MSU Offense Hopes to Silence Critics in Madison
Image by Photo Courtesy: Michigan State Spartans
There is no question that Coach Mark Dantonio has laid the foundation for a successful football program. Hard-work, determination, and attention for detail have been extremely evident in his sixth year in East Lansing. His teams have never been ridden with four and five-star recruits, but they were never afraid to hit you in the mouth, and then do it again, and again. That led to instant success and improvement each year. Something has been missing this season though, and it's been quite simple.
Watching the Michigan State offense has been equivalent to taking a trip to the dentist for an annual cleaning. Uncomfortable, boring, and predictable. The Spartans rank 109 out of 124 teams in points-per-game, and if you take away the offensive explosions versus Indiana and Eastern Michigan, that ranking would be lower. I'd say I'm using the term "explosion" very loosely.
The blame on the offensive struggles have been relayed to Offensive Coordinator Dan Roushar, whose play-calling has been bland and unimaginative eight games into the season. He shouldn't receive all the blame, as the offensive line has been struggling to open holes for the running game, as well as allowing Maxwell time to get off crisp passes.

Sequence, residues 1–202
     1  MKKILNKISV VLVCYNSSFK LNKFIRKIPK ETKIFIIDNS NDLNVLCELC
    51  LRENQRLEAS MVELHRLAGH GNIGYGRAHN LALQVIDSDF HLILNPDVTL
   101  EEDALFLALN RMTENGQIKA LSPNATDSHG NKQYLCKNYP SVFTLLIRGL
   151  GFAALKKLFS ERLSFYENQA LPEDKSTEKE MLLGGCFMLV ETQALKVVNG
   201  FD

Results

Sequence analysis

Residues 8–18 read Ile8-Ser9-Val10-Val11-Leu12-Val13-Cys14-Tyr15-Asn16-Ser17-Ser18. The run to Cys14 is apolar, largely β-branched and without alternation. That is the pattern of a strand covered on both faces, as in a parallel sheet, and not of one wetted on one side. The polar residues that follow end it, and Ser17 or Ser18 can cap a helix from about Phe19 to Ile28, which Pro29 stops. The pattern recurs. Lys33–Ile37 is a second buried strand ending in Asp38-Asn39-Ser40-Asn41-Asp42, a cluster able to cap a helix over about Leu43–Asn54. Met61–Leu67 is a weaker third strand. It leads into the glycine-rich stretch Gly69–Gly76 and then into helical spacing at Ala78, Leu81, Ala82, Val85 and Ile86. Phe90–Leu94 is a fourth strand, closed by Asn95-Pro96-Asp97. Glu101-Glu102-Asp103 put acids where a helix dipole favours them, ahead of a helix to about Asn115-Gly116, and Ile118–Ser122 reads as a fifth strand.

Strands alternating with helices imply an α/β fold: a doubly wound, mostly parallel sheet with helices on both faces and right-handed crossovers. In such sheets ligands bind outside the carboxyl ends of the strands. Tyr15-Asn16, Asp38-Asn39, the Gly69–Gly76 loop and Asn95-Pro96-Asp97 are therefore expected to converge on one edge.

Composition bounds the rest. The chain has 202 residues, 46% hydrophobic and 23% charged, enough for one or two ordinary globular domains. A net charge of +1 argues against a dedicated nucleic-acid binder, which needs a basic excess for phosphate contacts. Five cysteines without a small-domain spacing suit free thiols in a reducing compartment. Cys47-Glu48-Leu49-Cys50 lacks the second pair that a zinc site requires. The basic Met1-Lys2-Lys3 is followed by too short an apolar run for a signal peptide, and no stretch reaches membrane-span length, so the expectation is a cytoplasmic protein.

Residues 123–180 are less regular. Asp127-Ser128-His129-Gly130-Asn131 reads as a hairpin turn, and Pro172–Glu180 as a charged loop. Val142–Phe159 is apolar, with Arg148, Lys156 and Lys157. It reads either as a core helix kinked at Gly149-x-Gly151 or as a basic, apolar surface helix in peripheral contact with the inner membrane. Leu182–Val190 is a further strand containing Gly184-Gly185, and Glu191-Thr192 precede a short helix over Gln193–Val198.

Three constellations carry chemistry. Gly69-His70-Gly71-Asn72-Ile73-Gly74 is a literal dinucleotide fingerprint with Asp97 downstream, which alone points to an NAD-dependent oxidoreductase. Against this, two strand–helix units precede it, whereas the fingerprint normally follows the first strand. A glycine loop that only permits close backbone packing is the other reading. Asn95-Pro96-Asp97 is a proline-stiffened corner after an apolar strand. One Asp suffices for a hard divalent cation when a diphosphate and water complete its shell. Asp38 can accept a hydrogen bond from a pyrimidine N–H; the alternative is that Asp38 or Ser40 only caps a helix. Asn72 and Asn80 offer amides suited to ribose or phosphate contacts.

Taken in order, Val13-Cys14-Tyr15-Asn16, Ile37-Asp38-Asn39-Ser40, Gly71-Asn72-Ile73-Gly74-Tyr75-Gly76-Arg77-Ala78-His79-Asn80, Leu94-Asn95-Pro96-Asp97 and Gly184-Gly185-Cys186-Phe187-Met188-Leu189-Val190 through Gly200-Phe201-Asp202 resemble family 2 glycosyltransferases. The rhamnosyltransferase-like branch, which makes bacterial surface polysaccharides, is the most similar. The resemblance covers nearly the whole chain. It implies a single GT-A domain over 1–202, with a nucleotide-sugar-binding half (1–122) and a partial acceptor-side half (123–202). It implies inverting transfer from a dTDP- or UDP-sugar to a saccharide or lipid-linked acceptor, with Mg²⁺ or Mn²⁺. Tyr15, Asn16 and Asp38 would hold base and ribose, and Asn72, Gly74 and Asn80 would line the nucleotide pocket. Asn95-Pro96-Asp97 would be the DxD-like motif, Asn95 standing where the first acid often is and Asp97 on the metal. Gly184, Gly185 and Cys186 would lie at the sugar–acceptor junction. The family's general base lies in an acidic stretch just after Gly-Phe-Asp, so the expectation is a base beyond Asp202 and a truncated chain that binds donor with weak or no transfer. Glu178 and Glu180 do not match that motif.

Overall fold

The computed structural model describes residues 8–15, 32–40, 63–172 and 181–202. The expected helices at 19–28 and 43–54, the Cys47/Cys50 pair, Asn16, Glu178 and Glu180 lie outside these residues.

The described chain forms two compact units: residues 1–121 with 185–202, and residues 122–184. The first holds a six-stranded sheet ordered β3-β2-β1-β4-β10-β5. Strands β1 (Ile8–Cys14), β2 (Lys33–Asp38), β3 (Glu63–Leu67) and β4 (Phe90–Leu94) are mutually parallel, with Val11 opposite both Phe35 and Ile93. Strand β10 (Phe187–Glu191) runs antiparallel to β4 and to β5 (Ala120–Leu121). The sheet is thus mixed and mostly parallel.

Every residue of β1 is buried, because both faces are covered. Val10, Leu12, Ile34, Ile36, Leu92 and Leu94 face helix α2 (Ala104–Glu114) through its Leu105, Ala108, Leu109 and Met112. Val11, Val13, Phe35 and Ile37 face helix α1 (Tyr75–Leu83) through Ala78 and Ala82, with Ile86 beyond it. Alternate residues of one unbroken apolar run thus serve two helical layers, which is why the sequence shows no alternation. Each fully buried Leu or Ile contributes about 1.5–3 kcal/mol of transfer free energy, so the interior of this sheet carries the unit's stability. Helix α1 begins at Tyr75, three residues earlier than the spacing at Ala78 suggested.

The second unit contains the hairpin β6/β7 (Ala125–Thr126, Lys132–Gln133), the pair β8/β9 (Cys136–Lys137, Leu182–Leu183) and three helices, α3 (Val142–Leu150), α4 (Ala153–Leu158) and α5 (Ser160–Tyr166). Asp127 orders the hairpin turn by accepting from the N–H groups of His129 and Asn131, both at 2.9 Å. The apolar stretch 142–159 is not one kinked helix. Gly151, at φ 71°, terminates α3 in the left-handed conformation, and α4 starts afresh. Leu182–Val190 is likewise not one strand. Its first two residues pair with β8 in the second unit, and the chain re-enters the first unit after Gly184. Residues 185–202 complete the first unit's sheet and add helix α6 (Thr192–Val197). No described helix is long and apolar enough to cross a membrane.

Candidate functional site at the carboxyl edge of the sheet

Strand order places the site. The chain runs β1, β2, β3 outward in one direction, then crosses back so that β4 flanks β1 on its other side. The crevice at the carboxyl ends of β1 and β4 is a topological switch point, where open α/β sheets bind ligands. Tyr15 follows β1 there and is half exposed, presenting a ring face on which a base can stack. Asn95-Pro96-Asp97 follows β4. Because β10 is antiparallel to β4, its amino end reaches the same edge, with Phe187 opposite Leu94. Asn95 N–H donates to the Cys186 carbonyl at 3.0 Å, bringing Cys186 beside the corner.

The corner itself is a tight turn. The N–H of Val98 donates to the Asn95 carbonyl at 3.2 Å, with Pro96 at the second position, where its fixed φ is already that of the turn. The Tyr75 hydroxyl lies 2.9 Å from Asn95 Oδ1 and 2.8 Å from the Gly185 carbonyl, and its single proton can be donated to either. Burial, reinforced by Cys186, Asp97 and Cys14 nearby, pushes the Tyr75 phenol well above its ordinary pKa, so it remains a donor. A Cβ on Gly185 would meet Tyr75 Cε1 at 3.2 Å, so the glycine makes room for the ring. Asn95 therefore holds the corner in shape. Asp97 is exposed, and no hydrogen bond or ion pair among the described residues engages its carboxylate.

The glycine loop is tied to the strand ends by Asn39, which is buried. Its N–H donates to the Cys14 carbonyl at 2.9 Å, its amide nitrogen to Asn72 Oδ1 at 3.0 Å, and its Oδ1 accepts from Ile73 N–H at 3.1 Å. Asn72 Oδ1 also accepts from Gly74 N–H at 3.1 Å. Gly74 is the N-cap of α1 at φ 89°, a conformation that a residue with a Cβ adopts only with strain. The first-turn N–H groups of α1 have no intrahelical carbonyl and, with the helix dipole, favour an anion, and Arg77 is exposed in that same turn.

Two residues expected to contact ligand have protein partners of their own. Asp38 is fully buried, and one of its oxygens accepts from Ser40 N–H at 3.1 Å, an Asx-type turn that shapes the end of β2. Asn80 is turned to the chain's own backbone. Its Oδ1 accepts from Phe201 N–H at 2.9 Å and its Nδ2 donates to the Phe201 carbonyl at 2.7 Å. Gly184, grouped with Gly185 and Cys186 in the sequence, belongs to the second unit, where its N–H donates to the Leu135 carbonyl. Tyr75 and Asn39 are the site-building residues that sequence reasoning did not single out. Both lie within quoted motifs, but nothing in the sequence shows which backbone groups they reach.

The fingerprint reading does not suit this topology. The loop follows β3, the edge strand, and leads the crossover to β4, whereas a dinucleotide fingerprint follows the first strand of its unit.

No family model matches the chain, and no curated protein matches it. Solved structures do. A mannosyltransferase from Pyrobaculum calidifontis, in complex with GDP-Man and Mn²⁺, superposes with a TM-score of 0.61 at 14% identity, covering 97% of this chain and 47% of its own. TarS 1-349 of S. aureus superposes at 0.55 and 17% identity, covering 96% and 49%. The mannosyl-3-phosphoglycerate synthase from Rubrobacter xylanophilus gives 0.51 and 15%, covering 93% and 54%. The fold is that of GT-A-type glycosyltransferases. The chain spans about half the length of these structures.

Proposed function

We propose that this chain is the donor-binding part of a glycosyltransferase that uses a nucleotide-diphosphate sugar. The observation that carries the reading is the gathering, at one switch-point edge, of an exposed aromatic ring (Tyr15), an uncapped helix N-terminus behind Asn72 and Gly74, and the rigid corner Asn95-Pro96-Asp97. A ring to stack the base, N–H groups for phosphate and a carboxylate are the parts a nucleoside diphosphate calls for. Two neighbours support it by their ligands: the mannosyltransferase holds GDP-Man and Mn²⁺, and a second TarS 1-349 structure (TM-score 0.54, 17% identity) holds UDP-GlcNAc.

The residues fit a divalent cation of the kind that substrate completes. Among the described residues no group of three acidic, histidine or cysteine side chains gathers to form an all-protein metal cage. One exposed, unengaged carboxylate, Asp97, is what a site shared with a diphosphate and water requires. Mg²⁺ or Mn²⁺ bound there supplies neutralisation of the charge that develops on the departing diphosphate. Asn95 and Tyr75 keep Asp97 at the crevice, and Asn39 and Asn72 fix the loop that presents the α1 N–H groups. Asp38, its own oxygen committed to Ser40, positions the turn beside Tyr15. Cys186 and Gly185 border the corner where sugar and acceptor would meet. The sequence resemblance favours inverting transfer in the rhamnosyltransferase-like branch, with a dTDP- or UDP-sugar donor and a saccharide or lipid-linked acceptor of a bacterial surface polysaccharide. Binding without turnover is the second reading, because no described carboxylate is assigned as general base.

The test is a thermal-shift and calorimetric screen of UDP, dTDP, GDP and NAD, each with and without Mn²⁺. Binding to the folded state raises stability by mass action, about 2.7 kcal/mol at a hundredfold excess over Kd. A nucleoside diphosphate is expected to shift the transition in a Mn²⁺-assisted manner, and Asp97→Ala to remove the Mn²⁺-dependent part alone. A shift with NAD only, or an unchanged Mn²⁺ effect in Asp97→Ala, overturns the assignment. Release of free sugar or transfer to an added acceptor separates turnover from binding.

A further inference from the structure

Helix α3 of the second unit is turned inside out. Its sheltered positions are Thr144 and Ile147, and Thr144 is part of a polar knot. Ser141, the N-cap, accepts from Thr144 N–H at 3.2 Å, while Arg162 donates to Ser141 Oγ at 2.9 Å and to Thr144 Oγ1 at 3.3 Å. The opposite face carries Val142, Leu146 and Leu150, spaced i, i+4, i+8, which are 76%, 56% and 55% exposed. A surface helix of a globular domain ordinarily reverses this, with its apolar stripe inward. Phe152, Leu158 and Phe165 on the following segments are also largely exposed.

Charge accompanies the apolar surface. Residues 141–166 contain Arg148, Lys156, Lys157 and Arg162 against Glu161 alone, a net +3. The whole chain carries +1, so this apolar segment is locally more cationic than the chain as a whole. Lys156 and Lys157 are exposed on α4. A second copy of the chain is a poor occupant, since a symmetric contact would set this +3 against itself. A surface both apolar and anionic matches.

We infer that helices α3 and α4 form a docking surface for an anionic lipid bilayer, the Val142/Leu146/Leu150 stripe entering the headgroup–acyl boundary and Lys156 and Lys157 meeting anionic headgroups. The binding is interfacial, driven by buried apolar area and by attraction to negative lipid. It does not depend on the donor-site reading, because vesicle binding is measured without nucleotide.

The unit will now be taking its talents to one of the most hostile environments in the country, Camp Randall Stadium, versus the 6-2 Wisconsin Badgers. Led by All-American Montee Ball, the Badgers sport an elite rushing attack, with behemoths on the offensive line, with an average weight of 320 pounds. Their quarterback play has been equally suspect to MSU's, with opening-day starter Danny O'Brien being benched in favor of Joel Stave. Stave, a red-shirt Freshman, has only suffered one loss since taking over in Week 3, but has been criticized for poor results on key situations, especially third-down conversions.
If the offense fails to show consistency yet again, can the defense make enough plays to warrant a victory? The first eight weeks of the year say otherwise, but as Coach Mark Dantonio says, it's a game of inches, and one big play could be the difference.
Michigan State: 17 Wisconsin : 23